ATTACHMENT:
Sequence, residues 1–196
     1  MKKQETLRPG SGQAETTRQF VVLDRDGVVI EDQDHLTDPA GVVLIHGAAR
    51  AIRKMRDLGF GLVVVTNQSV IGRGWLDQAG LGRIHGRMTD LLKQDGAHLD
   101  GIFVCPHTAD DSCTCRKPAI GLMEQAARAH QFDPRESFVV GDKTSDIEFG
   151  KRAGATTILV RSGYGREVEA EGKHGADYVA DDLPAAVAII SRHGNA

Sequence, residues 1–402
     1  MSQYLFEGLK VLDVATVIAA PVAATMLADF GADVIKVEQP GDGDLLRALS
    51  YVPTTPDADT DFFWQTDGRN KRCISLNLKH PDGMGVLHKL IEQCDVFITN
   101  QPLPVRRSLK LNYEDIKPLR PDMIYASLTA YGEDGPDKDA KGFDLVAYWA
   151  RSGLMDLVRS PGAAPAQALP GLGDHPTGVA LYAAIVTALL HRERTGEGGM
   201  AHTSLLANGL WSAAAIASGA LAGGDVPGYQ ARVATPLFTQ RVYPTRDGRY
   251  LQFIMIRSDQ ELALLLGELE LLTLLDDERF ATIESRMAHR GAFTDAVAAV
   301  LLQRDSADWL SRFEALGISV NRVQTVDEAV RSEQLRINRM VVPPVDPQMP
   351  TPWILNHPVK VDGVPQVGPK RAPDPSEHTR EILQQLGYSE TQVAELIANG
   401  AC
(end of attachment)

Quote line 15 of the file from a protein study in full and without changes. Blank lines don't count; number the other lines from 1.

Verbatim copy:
   401  AC